Constraints:
  • Each incoming truck must be assigned a gate, as given by Inequity (2);
  • Each gate can be assigned to only one or no incoming trucks, as given by Inequity (3);
  • The decision variable xgt is binary, as given by Expression (4);
  • The total number of incoming trucks must not exceed the total number of gates (receiving zones), as given by Inequity (5).
Input data:
  • The number of incoming trucks;
  • The number of pallets for each storage zone in each incoming truck;
  • The total number of gates (receiving zones);
  • The total number of storage zones;
  • The rectilinear distances from the gates (receiving zones) to the storage zones.
The mathematical formulation of the model is given by the Expressions (1)–(5):
m i n F = g = 1 m z = 1 n t = 1 l p t z · r g z · x g t
g = 1 m x g t = 1 t = 1 , ,   l
t = 1 l x g t 1 g = 1 , , m  
x g t 0 , 1 g = 1 , , m   ;   t = 1 , , l
m l  
where:
  • ptz = the number of pallets in incoming truck t to be placed into the storage zone z;
  • rgz = the rectilinear distance between the gate (receiving zone) g and storage zone z;
  • xgt = the decision variable:
    • 1 = gate g assigned to incoming truck t
    • 0 = gate g not assigned to incoming truck t;
  • m = the total number of gates (receiving zones);
  • n = the total number of storage zones;
  • l = the total number of incoming trucks.
The optimal solution to the inbound dock door allocation was obtained using the model with an MS Excel spreadsheet optimizer (Solver) (Solver is a Microsoft Excel add-in program that uses techniques from operations research to find optimal solutions to all kinds of optimization and decision problems). We found this software tool suitable for several reasons. It uses the Simplex algorithm for solving linear problems, which is made flexible and easy to use, as well as fast, for problems of the dimensions we were dealing with. Even if the limitations of Solver could have affected the quality of the results, which is not the case here, it would have an insignificant impact on the final outcomes of the research. The optimization results obtained by applying Solver were merely used to create different scenarios for the simulation experiments.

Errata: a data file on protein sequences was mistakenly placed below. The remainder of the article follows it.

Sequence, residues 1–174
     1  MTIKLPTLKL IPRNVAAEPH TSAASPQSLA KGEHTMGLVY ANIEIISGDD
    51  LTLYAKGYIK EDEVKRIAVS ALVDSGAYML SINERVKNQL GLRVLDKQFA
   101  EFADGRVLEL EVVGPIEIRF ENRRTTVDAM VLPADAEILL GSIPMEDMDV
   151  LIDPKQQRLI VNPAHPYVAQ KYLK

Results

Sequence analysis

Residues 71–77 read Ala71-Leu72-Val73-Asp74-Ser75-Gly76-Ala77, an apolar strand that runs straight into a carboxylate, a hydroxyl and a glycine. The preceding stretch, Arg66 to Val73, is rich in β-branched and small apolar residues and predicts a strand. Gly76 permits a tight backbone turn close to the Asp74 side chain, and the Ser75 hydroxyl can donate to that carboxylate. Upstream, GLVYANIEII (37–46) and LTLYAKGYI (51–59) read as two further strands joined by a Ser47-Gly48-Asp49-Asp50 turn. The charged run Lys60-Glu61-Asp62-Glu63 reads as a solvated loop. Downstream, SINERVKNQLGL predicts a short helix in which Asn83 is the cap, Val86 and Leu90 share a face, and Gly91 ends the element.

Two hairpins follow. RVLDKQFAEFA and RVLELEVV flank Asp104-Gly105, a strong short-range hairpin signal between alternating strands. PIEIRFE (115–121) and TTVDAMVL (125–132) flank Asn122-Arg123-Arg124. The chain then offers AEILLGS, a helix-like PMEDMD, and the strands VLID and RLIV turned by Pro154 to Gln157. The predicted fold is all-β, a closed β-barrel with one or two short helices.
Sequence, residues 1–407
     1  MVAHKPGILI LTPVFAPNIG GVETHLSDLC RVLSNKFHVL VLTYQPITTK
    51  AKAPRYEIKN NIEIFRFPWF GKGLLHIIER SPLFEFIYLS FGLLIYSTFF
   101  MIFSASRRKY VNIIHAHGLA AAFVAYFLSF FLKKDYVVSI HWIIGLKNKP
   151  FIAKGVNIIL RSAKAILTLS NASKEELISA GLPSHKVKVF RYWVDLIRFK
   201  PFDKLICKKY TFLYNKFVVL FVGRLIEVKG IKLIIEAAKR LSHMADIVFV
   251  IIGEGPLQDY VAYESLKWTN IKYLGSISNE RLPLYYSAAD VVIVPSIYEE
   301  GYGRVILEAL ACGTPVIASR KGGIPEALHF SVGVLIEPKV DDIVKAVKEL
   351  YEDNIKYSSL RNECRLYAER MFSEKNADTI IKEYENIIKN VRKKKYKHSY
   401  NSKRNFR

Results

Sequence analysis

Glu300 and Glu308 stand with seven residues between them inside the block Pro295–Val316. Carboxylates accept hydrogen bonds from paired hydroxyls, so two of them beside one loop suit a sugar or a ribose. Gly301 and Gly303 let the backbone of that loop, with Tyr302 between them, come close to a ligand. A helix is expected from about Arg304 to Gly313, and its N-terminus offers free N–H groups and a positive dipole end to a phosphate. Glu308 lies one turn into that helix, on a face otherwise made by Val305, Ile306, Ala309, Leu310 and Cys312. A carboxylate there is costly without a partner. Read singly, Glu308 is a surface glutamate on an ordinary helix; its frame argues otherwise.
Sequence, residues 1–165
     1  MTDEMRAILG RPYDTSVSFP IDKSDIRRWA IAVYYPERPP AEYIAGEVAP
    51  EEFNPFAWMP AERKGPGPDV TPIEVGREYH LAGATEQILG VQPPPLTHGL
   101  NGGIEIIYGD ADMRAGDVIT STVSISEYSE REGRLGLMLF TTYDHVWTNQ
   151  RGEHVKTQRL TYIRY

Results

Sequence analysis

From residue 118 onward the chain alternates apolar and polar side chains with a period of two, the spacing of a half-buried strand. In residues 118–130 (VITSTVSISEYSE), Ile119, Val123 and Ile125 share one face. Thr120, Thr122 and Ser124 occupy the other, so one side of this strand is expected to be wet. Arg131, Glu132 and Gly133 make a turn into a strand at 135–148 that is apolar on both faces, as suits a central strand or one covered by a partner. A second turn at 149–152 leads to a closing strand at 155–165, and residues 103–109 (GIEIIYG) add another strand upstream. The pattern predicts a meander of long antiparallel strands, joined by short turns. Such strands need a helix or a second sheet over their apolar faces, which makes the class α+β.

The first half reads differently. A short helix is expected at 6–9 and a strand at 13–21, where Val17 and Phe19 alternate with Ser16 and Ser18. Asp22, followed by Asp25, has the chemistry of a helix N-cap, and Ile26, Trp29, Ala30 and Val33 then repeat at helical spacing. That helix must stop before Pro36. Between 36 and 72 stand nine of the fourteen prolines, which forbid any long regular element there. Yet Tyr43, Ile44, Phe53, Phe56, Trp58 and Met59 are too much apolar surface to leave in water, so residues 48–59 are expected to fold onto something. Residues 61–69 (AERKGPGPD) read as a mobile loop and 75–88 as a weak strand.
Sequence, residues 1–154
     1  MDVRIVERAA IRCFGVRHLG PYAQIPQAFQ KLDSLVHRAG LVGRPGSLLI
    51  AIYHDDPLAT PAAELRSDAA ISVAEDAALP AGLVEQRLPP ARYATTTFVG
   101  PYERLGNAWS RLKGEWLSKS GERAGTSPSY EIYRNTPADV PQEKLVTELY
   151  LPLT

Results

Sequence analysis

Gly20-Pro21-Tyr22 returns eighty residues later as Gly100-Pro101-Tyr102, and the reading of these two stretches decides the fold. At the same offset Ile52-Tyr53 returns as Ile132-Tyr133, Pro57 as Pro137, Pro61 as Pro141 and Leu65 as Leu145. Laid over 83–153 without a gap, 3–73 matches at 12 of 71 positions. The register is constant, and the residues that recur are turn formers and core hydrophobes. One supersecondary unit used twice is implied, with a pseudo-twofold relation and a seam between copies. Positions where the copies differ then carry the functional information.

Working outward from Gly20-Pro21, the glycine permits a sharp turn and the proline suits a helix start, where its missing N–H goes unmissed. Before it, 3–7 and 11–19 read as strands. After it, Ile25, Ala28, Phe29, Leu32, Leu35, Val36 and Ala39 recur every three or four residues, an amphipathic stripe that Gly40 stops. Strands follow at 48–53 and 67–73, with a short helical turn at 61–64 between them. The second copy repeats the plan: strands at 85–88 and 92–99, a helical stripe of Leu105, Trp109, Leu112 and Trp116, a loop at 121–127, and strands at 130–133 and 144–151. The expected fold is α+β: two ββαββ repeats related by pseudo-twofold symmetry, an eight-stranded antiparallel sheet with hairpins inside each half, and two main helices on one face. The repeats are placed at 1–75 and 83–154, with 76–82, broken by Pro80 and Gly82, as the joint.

Moreover, using Solver requires no additional installation besides the standard MS Office, which has been generally used, making it suitable for daily use in real situations.
The solution applied by the Distributor (empirical solution) and the optimal solution of the inbound dock door allocation for the first time window, on 1 February 2022, are shown in Figure 2.
In the Distributor’s empirical allocation, the gates are assigned to the incoming trucks according to the arrival sequence: Gate 1 is assigned to Truck 1, Gate 2 is assigned to Truck 2, Gate 3 is assigned to Truck 3, …, Gate 8 is assigned to Truck 8.
In the optimal allocation, the gates are assigned to the incoming trucks according to the values of the decision variables (xgt): Gate 1 is assigned to Truck 5, Gate 2 is assigned to Truck 8, Gate 3 is assigned to Truck 7, Gate 4 is assigned to Truck 6, Gate 5 is assigned to Truck 2, Gate 6 is assigned to Truck 4, Gate 7 is assigned to Truck 3 and Gate 8 is assigned to Truck 1.
The improvement achieved via optimization is quantified by the decrease in the objective function value, which cannot be expressed in a physical dimension. This is not an issue here, because the energy consumption of the forklifts is to be quantified in the simulation model, in different scenarios, which are switched with respect to the inbound dock door allocation (empirical vs. optimal).

2.3. Simulation Study of the Inbound Docking Operations